By Philip Van Cleave
Covington VA –-(Ammoland.com)- Washington State gun owners were handed a serious gun-control defeat Tuesday in a referendum.
By a 60% – 40% vote, they are going to be saddled with a Universal Background Check law.
This is the first step toward what will eventually be Universal Registration of all their guns. Confiscation being the end goal of the scheme.
While you may wonder how this might affect you, it is one of those things like the “assault weapon ban” in 1993, where the anti-liberty groups are counting on deception and ignorance to strip away your rights.
They will now be trying to do this in other states, including ours, eventually. To avoid this becoming our fate, we need to start a massive education effort for both gun owners and non-gun owners alike. More on that in an upcoming alert announcing the beginning of that campaign and how you can help.
This was a case of getting all the gun control that money can buy. Bill Gates, Michael Bloomberg and other anti-liberty billionaires poured millions of dollars into Washington State to pass this atrocity using deceptive ads.
Gun-rights groups are looking at challenging the law on constitutional grounds, amongst other things. Let’s hope they are successful.
Here’s an article on the referendum, titled “The Gun-Control Movement is Learning How to Win:” http://google.com/newsstand/s/CBIwkoLO5B8
Here is a description of the new law from a Washington State government web site. You can bet that all the exceptions in the law will come under fire and will be removed as time goes on.
For now they have put a little sugar on the poison pill:
This measure would apply the background check requirements currently used for firearm sales by licensed dealers to all firearm sales and transfers where at least one party is in Washington. Background checks would thus be required not only for sales and transfers of firearms through firearms dealers, but also at gun shows, online, and between unlicensed private individuals. Background checks would be required for any sale or transfer of a firearm, whether for money or as a gift or loan, with specific exceptions described below. Background checks would be required whether the firearm involved is a pistol or another type of firearm. Violations of these requirements would be crimes.
The measure would establish a number of exceptions to the background check requirement. A background check would not be required to transfer a firearm by gift between family members. The background check requirement also would not apply to the sale or transfer of antique firearms. It also would not apply to certain temporary transfers of a firearm when needed to prevent imminent death or great bodily harm. Background checks would not be required for certain public agencies or officers acting in their official capacity, including law enforcement or corrections agencies or officers, members of the military, and federal officials. Federally licensed gunsmiths who receive firearms solely to service or repair them would not be required to undergo background checks.
Certain other temporary transfers of a firearm would also not require a background check. These include temporary transfers between spouses, and temporary transfers for use at a shooting range, in a competition, or for performances. A temporary transfer to a person under age eighteen for hunting, sporting, or education would not require a background check. Other temporary transfers for lawful hunting also would not require a background check.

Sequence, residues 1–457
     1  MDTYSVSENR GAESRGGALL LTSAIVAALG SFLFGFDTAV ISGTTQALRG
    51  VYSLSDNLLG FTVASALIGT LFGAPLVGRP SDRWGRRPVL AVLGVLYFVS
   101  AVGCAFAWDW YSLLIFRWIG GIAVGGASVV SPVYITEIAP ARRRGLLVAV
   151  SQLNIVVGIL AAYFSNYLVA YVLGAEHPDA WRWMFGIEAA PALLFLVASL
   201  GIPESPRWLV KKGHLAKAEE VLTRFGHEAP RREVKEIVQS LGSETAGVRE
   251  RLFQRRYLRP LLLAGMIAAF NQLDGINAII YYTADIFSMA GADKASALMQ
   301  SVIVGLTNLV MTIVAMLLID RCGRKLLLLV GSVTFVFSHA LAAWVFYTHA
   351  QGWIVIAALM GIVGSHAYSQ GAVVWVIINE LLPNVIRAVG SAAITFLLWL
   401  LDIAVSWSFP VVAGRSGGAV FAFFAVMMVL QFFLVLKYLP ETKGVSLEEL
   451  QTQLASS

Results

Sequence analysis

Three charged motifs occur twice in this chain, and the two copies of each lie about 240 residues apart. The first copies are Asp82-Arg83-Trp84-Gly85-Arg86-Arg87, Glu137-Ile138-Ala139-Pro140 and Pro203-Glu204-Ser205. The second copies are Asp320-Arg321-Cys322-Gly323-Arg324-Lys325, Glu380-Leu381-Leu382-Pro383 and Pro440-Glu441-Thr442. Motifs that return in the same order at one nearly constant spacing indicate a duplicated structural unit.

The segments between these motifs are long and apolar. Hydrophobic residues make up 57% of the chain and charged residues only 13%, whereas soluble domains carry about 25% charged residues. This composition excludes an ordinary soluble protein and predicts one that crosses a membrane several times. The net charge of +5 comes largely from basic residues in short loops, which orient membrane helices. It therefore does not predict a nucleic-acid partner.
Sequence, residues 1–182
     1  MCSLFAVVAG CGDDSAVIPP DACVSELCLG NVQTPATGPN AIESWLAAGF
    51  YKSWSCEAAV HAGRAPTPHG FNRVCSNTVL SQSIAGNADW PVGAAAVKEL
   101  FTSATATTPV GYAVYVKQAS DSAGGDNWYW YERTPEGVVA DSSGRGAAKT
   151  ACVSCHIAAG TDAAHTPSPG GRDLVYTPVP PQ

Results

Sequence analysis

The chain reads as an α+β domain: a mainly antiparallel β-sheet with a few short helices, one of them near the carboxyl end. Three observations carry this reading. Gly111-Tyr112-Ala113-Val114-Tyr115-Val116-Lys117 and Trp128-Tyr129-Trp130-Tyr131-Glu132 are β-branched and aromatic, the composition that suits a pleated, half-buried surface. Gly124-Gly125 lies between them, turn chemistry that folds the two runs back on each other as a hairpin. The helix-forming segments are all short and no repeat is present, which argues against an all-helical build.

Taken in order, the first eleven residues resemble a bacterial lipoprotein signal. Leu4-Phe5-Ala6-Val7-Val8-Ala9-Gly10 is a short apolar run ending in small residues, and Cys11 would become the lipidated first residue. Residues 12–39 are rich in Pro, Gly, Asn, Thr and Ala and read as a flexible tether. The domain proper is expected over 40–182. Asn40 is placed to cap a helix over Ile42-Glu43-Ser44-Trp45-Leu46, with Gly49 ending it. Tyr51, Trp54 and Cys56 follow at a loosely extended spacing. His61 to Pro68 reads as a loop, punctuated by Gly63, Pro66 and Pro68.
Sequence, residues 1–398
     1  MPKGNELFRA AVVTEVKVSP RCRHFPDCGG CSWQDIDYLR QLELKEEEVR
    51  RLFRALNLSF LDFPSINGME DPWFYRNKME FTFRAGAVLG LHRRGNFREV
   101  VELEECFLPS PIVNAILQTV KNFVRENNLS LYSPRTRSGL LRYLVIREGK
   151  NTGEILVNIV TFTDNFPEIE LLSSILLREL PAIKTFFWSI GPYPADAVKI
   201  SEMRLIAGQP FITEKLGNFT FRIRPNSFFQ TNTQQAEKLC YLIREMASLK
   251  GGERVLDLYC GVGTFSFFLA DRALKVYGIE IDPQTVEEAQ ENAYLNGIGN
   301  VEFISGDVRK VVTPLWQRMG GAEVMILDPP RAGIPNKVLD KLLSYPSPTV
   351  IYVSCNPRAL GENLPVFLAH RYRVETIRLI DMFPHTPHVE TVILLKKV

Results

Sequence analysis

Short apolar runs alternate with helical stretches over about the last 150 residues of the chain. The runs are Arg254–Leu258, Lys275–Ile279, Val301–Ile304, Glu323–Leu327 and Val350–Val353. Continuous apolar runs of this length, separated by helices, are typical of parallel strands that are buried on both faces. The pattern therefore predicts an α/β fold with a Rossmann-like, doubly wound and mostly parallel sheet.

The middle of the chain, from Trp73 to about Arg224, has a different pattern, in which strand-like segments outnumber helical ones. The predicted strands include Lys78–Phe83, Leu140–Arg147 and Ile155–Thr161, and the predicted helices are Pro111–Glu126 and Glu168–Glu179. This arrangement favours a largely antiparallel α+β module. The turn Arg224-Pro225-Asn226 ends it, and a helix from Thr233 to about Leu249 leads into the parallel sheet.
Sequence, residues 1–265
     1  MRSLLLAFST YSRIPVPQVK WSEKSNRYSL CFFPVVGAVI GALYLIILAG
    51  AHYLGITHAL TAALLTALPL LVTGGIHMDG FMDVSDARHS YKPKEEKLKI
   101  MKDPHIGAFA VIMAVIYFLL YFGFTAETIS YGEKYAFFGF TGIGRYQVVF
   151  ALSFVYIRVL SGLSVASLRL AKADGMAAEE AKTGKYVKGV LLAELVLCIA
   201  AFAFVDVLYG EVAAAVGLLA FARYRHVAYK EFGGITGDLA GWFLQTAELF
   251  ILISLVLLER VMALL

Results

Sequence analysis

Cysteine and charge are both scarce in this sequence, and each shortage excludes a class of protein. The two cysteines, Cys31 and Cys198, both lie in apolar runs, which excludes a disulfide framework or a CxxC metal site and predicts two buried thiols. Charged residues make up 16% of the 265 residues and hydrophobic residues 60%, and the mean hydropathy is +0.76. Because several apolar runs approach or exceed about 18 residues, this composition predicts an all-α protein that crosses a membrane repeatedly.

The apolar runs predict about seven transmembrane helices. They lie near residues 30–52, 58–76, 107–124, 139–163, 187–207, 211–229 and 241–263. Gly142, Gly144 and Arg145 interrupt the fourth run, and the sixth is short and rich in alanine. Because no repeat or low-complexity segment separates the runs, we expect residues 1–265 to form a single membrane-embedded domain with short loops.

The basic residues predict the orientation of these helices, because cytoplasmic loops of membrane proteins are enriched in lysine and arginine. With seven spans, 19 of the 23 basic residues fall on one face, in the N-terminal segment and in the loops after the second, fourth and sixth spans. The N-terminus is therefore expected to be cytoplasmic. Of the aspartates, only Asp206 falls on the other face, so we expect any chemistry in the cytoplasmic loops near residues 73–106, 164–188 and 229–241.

A person who inherited a firearm other than a pistol upon the death of its former owner would not be required to undergo a background check. A person who inherited a pistol would either have to lawfully transfer the pistol within 60 days or inform the department of licensing that he or she intended to keep the pistol.
Firearms could only be sold or transferred through licensed firearms dealers. If neither party to the sale or transfer of a firearm was a firearms dealer, then a firearms dealer would have to assist in the sale or transfer. Before a sale or transfer could be completed, a firearms dealer would perform the background check on the buyer or recipient of the firearm. If the background check determined that the buyer or recipient of the firearm was ineligible to possess a firearm, the firearms dealer would return the firearm to the seller or transferor. The firearms dealer could charge a fee for these services.
Firearms dealers could not deliver any firearm to a buyer or recipient until receiving background check results showing that the buyer or recipient can legally possess the firearm. But a firearms dealer could deliver a firearm if background check results were not received within ten business days (as opposed to the five business days currently allowed to conduct the check). If the buyer or recipient did not have a valid permanent Washington driver’s license or identification card, or had been a Washington resident for less than 90 days, then the time period for delivery of a pistol would be extended from ten days to 60 days, the same as under current law.
If a firearms dealer violates this measure, his or her license could be revoked. The violation would also be reported to federal authorities.
Sales tax would not apply to the sale or transfer of firearms between people who are not licensed firearms dealers, so long as they comply with all background check requirements. Using a licensed firearms dealer to assist with such sales or transfers would not result in sales or use tax.
Virginia Citizens Defense League, Inc. (VCDL). VCDL is an all-volunteer, non-partisan grassroots organization dedicated to defending the human rights of all Virginians. The Right to Keep and Bear Arms is a fundamental human right. Visit: www.vcdl.org